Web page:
Avoiding the Insincere Brush | The Design Blah Blah

Say you’ve just created this amazing idea in your head. This idea, for all intents and purposes, is a movie. This movie chronicles the life of a controversial figure, that say, liberated your country but also enslaved a lot of people or wasn’t kind to his wife. You try your best to navigate and write him as a balanced hero and boom you release it.

On the day of release, you hear of people rioting and burning effigies of the hero while the other half attack them for burning said effigies. Suddenly, your balanced story doesn’t matter anymore. It’s all about a political narrative that you never meant to surface in the first place. Three weeks later, you see footage of people killing each other, looting and pretty much being the worst.

Should you feel responsible?

It’s an interesting question to ask. How far does your responsibility go? Are you truly responsible for the violent acts that are being committed or are the people committing these acts solely to blame?

The ground is shaky and answers are never black and white here. When Stanley Kubrick released his film A Clockwork Orange, a sudden series of violent attack mimicking the movie were rising so much that they pulled it from the theatre. Both Warner Brothers and Stanley Kubrick were genuinely shocked and never expected it to go this far. But who’s to blame? The artist that created the work or the people that are committing the crime?

There’s general consensus that the artist is free of the blame and that the people that are committing these acts are the ones that need to be punished for it. But when you switch the art medium, to say video game, the narrative changes. Suddenly, showing violence inspires violence. This also begs the question of the other scenario. What about if one showed no violence but just portrayed a narrative that inspires violence?

Some say, it lies in the way these figures or moments of gore are portrayed. Much like a sex scene in a movie, if it’s just there to inspire boners then that’s exactly what it’ll do. But say, if it’s like a scene that has to be depicted in order to put you in the character’s shoes you’re less likely to even see the scene as a sexual act. More like an expression of whatever the character is feeling at that moment and it’s meant to have you empathize.

The difference lies and the amount of burden placed on the artist, lies in the sincerity of the portrayal. Just like when something positive is portrayed with full conviction and sincerity it inspires people and when it’s not it’s just sparks nothing. The disingenuous brushstroke, fuels outrage and often times, something not so positive. Then the artist is responsible and hasn’t thought of the full consequence of his art. Especially, when it involves social causes, movements and violence.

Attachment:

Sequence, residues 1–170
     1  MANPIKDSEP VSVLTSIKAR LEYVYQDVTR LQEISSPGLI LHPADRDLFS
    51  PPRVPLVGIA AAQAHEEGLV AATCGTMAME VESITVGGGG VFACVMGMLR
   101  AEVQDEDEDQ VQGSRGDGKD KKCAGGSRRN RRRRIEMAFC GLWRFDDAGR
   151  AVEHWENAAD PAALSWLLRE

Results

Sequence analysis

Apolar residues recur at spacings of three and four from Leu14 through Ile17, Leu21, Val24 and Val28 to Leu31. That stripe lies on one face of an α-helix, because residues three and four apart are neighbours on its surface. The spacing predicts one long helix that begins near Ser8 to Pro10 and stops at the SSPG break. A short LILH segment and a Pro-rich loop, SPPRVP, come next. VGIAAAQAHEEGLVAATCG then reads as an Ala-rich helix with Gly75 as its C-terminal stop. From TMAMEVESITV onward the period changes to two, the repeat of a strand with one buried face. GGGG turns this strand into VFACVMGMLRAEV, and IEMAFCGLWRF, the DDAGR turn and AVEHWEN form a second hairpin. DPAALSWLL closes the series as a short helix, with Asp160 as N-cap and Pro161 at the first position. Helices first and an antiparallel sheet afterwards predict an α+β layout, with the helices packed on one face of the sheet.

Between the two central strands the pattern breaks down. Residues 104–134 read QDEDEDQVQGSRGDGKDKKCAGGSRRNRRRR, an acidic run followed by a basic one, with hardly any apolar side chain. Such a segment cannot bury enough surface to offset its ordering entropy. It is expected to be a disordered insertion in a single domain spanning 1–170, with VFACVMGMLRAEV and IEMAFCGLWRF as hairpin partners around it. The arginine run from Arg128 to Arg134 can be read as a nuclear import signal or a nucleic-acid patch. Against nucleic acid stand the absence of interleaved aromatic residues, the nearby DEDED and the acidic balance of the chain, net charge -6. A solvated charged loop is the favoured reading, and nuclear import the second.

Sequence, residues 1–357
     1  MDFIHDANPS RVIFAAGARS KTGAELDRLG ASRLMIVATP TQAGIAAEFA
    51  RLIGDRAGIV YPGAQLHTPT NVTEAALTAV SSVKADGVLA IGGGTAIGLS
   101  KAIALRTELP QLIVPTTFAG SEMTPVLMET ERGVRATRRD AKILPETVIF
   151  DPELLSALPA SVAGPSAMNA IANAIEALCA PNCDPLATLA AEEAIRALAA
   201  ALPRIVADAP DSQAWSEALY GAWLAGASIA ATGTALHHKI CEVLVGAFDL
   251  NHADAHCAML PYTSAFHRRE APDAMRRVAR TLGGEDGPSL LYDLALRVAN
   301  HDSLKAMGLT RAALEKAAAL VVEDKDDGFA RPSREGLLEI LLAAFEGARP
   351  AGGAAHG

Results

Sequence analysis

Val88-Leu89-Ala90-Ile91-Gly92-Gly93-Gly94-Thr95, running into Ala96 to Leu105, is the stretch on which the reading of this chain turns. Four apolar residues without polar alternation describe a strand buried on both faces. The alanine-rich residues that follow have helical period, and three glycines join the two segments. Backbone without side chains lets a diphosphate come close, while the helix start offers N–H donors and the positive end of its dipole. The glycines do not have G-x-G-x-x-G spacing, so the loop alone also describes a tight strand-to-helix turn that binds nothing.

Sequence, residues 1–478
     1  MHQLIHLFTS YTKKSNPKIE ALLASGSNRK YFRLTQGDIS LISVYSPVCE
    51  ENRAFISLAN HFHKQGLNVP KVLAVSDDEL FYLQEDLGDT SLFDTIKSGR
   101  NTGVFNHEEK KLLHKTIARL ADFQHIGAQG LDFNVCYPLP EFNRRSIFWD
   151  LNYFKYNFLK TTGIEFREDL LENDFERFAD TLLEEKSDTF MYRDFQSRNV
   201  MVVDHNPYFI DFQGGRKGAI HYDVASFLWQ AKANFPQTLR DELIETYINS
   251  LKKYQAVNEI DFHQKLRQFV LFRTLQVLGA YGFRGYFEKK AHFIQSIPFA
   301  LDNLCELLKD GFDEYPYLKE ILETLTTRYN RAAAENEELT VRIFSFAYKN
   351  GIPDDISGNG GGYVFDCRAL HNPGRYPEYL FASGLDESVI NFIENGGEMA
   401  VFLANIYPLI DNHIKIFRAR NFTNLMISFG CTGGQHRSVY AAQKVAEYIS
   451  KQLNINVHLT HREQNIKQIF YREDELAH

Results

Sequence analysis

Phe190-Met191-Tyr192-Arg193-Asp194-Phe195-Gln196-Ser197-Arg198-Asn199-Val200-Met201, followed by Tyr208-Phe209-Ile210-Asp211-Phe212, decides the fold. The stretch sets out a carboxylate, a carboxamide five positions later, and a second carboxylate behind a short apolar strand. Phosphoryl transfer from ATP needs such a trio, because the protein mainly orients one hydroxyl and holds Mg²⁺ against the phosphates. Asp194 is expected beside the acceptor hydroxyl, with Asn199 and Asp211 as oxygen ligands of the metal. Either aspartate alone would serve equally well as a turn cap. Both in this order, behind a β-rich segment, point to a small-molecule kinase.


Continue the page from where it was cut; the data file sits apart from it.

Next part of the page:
Many artists tend to use all of the above just to get a reaction that leads to nowhere. And undirected “inspiration” often results in undirected mayhem. Again, this is more true for art that involves history, religion, violence and race.

So the responsibility of the artist in portraying instances like these, lies way before the art is produced. It’s part of our job to see how the public would react, measure and only start producing only after having understood what that could entail.

Of course, no one can know if you’re art is going to inspire some person to do bad things. However, if the sincerity isn’t there then the bad things that happened would be for cheap thrills. Like say the instance of the blasphemous portrayal of Jesus in the First Temptation of Christ in Brazil. The tv show had nothing of value to say and instead just angered a religious community, not because of the way they portrayed but also because how little the creators considered the source material and messages. In the end, it wasn’t critiquing anything it was just an insincere jab at people they didn’t even know. The creators’ response was a complete denial of their effects on the cultural space and the protests and outrages had bigoted connotations behind them. Which simply wasn’t the case. It’s the same as saying “I’m going to insult someone you love for no reason and it’s your choice to handle that”. This kind of irresponsibility leads to division more than it leads to enlightenment or conversation.

Sure you can say whatever you want but if you’re saying nothing than your words are just organized air. It’s an awkward space but one that deserves attention. Especially when dealing with social issues. Ultimately, if you don’t care about it, then the less said the better.

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